During the Easter Rising itself, women of the Irish Citizen Army, Cumann na mBan, the Clan na nGaedhal Girl Scouts and individual women fought side by side with their male counterparts in most of the outposts in Dublin, Enniscorthy and Galway. After the surrender many of these women were arrested along with the men. Initially all those arrested were marched to Richmond Barracks, among them seventy-seven women. It is these seventy seven women whose histories, activism and legacies form the central part of a new project connected to the regeneration of Richmond Barracks (where they were held) as a heritage and cultural site.
The seminar will showcase how the history of the 1916 Rising can be retold from a more nuanced, balanced perspective, showing the extraordinary complexity of the participants’ histories; many of these women came, not just from Dublin, but from various places around the country, and they were also disparate in terms of their class, background, education, and motivation. In the past three decades historians and researchers have uncovered the histories of the contribution and activism of the main female protagonists in this formative decade, but there is much work to be done in telling the stories of the thousands of lesser known women who took part. Dr. Mary McAuliffe (University College Dublin) and Liz Gillis, (RTE Archives) will present on this project, which is accompanied by a digital exhibit showing in the Illuminations Gallery of the Iontas Building.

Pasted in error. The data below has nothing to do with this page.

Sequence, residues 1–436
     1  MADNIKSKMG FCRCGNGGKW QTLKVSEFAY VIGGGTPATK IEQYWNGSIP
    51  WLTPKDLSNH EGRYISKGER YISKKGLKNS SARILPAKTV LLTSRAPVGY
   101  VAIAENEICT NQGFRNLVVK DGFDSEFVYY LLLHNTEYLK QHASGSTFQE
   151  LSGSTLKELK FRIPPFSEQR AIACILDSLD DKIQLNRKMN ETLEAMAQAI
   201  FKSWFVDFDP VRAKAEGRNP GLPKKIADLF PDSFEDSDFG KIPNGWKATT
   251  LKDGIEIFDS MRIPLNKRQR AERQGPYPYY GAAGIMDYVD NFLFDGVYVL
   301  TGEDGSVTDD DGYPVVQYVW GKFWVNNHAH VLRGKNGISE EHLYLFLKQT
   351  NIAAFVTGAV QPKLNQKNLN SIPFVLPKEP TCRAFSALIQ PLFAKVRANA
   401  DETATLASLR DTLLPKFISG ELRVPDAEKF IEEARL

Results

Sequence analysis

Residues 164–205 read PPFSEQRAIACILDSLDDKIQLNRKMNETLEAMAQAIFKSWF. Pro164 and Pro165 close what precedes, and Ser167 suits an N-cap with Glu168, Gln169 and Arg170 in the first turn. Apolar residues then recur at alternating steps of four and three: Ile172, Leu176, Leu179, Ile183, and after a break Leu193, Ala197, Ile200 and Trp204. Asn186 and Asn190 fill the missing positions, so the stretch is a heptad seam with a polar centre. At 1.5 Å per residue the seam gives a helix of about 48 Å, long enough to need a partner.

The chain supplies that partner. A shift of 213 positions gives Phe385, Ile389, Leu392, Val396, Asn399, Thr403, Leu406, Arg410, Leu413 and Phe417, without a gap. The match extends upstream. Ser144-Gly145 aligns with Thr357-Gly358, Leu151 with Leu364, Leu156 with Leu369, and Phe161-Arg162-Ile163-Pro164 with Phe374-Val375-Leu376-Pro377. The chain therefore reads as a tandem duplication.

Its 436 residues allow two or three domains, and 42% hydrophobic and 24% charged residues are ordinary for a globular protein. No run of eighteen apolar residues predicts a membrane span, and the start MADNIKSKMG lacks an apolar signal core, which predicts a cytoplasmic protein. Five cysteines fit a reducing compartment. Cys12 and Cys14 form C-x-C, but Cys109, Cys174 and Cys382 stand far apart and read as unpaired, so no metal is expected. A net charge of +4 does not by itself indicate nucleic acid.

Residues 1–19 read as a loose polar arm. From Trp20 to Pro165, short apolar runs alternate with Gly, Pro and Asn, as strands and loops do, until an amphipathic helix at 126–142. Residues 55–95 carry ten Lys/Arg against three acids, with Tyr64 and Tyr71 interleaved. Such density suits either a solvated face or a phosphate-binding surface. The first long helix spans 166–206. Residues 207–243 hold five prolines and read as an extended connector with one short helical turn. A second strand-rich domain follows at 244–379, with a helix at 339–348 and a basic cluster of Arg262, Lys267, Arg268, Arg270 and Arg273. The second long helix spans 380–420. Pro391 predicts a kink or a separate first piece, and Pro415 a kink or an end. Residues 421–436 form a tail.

Contact: Dr Jennifer Redmond
See here for other Maynooth University events marking the Decade of Commemorations.